I am posting comments that Mark Hart and Peter Hemstad made to the Minnesota Grape Growers listserv. I feel that they are right on target, so rather than paraphrase their comments, I am putting them on our web site as they have sent them (with their permission). Peter asked that I include a caveat that his comments are not aimed at the bud break delay work that Seth McFarland and our grad students (Issam Qrunfleh and Ben Loseke) have been doing, which he considers good work.
I suggest reading Mark's and Peter's comments and take them to heart. Happy Frost Dodging and best wishes for a bountiful crop!
Dr. Paul Read, Professor of Horticulture/Viticulture, University of Nebraska
Mark Hart's letter:
I had a couple inquiries in private about frost protection that I think stemmed from things I and others have said in the group.
The first item would be frost protection using cryoprotectants, or products you spray on a vine prior to a frost event that are supposed give the vine extra protection during a freeze event.
The short answer is that there is little evidence from scientific trials that these work.
The way a scientific trial works is that the products of interest are compared side by side during a real freeze event and compared to control vines in the same location that have had no treatment. As you might imagine, these studies are a little hard to do, the research has to be set up and waiting for a somewhat rare event to occur. Since each freeze event is different in its nuances (duration, rate of cooling, humidity, etc.); the results seen in one set of circumstances might not be the same in a different freeze event. The field studies that have been done mostly show little positive benefit from these products. There are very few recommendations to use these products from the research/extension community.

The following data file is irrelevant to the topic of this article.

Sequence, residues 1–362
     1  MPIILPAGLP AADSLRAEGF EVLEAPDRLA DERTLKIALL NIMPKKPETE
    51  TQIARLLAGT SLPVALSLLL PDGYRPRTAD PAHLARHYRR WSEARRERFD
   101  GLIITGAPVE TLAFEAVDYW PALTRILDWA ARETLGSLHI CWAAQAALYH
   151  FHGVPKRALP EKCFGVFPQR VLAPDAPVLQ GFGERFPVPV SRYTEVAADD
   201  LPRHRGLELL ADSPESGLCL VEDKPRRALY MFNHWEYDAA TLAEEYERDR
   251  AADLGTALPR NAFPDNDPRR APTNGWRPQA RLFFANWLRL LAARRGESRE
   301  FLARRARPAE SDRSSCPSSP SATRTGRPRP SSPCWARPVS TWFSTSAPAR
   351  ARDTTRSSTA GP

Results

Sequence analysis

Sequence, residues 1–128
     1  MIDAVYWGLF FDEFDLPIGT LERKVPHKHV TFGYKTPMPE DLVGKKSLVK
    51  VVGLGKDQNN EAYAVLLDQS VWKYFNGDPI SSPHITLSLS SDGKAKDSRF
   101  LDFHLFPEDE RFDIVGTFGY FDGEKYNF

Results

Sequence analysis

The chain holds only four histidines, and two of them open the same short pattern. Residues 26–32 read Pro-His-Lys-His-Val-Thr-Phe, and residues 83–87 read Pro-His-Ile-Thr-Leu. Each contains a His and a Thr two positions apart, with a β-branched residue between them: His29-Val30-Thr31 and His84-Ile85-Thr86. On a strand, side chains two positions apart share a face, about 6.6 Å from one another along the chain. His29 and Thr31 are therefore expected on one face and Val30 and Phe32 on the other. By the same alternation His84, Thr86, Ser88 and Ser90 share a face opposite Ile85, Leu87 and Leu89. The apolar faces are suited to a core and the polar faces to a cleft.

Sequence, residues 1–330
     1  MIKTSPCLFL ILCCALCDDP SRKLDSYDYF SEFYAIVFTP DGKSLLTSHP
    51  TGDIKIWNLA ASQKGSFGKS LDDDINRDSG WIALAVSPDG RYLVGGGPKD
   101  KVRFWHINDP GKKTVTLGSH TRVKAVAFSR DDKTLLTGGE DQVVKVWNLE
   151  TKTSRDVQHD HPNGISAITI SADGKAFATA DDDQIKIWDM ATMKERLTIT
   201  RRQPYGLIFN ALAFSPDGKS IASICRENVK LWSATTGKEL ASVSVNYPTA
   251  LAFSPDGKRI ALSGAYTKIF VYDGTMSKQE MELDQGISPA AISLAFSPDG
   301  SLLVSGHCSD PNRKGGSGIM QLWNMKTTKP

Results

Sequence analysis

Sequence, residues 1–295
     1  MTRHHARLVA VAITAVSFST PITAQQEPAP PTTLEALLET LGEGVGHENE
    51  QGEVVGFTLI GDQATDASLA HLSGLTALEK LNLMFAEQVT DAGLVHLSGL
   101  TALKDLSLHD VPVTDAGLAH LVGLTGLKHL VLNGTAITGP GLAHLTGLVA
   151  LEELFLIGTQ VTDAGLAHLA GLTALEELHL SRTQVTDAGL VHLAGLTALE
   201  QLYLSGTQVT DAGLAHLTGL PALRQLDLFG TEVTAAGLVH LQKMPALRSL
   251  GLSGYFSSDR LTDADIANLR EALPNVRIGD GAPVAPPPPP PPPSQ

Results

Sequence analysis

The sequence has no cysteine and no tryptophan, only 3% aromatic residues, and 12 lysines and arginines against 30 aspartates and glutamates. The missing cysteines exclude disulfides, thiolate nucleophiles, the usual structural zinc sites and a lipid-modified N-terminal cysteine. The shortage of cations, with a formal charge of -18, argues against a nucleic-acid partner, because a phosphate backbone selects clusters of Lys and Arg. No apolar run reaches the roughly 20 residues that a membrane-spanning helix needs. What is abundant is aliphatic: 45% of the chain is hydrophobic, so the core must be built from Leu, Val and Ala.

How can this be? If you go to any vendor/mfg website they are full of charts and graphs and testimonials about the positive benefits of their product(s). Because real world freeze events are rare, most vendors test their product on potted plants in freeze chambers. Those conditions do not mimic what is seen in the real world, and products that have performed well in these controlled conditions have rarely had similar performance in the field. Humidity in control chambers (and California) is generally much lower than what we see in the Midwest during freeze events. Every time I track down the details behind the testimonials, very few of the growers left a control area in their planting that was untreated, so the comparison the grower uses to evaluate the performance is to prior freeze events or to other growers in the general area. Again the variability between events and locations makes evaluating success on these bases pretty tenuous. If you Google search these products you will often find many examples of growers reporting failures - those don't show up in the marketing material.
If a grower applies one of these products, I strongly encourage them to leave a few representative vines (same variety, same frost exposure) untreated so that they can compare apples to apples when evaluating effectiveness.
There is some science that shows that plant tissue has different freeze tolerance based on its condition, and that those conditions might be able to be changed by adding something from the outside - so there is science that fosters hope for effective products, but field trials suggest that does not translate well to growing situations.